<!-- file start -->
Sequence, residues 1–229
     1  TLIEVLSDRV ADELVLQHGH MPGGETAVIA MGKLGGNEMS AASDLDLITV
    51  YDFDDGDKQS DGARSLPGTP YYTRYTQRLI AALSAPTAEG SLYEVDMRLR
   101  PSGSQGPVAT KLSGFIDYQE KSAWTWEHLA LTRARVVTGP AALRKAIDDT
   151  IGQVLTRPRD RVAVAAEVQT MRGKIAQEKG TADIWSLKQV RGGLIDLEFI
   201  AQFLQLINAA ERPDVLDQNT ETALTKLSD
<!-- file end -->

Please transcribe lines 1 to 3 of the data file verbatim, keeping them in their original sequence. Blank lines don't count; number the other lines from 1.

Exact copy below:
Sequence, residues 1–229
     1  TLIEVLSDRV ADELVLQHGH MPGGETAVIA MGKLGGNEMS AASDLDLITV
    51  YDFDDGDKQS DGARSLPGTP YYTRYTQRLI AALSAPTAEG SLYEVDMRLR